Fig 5: Annualized gaps and surpluses from wind (UK simulation)
So let's for a minute assume that the United Kingdom - one of the world's "best" places to generate electricity from wind - runs on 20% wind power as planned in the least ambitious scenarios currently promoted, and that standby natural gas power plants become no longer available to bridge supply gaps. Some say that ELVs (electric cars) could provide the necessary storage capacity. We did the math: the total annual output from wind in a 20% scenario for England and Wales would amount to approximately 64 TWh (20% of total current demand). After modeling a nationwide wind turbine network using the best 50 locations (we even included Scotland, which isn't part of the above consumption estimate), we calculated the necessary storage to bridge the largest possible supply gap (e.g. when the wind doesn't blow for a number of days) and found that Britain in 2009 would have needed 96.5 million battery operated electric cars with 40 kWh batteries each fully available for storage, e.g. no longer ready to be driven. For comparison: 28.5 million private vehicles are currently registered in the UK. The problem here is that wind patterns don't just include short term ups and downs, but instead do involve long periods with very little wind, and then long periods with a lot. Unfortunately, this pattern isn't even predictable year-over-year. Buffering those resources is not something that can be managed with storage, no matter how large. Another fake fireman.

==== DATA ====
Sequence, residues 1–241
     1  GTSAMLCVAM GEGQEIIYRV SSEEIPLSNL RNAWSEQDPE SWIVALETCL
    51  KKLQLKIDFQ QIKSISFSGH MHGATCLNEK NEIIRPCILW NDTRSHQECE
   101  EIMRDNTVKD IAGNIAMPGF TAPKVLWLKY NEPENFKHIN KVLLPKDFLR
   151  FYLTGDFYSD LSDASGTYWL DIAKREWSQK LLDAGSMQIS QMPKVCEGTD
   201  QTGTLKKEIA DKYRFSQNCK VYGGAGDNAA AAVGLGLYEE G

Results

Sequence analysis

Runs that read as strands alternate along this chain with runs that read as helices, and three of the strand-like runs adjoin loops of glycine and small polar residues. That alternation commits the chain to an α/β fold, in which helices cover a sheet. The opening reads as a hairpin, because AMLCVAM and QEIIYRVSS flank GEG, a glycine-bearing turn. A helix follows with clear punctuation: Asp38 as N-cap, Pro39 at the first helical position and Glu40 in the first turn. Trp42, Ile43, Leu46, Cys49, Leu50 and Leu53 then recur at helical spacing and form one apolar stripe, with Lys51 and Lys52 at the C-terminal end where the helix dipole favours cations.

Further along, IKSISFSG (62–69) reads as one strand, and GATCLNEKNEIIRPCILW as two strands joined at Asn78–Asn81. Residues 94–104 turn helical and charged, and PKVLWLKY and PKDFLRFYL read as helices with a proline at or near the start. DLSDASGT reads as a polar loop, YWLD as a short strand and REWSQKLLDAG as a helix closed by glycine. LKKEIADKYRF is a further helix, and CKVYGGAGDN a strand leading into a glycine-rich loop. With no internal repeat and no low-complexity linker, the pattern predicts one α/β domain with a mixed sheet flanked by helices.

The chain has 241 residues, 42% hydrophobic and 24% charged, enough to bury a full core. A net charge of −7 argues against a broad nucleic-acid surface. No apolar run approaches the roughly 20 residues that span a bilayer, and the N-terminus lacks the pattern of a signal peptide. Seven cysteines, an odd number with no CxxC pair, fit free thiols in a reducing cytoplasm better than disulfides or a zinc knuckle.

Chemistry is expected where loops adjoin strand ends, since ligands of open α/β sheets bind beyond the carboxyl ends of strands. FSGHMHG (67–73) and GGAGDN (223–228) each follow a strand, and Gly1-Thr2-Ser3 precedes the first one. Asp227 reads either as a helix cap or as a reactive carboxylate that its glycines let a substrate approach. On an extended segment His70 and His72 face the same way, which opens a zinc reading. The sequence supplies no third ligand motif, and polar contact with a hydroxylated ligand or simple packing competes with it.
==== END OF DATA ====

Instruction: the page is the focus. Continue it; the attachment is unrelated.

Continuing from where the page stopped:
The truth about electricity is simple, surprising and daunting: with the most promising renewable technologies - wind and solar - irrespective of expensive supplements being added, electricity systems as we know them today will not be able to operate. But instead of putting efforts towards finding real solutions, we are spending billions, likely even trillions, of dollars and Euros on technologies that cannot and will not work in the way we expect them to. Again, as a reminder: this is not an argument to defend the way we currently produce electricity, but a strong encouragement to research how we might get reliable power to our ubiquitous sockets without fossil fuels providing the major part. And for those who now suggest to go for a nuclear option: irrespective of any argument about long-term risk, this technology too has a number of downsides, among them the inability to control outputs according to demand, relatively high cost, and a high dependence on fossil fuels both for the construction of plants and the mining of uranium. And last, but not least, the fact that uranium too, is a non-renewable resources, subject to the fact that we will eventually arrive at the limits of meaningfully extractable material (e.g. the ones offering an attractive RREI) - particularly if we plan on scaling up nuclear power to replace other fuels.
Combustion fuels – headaches all over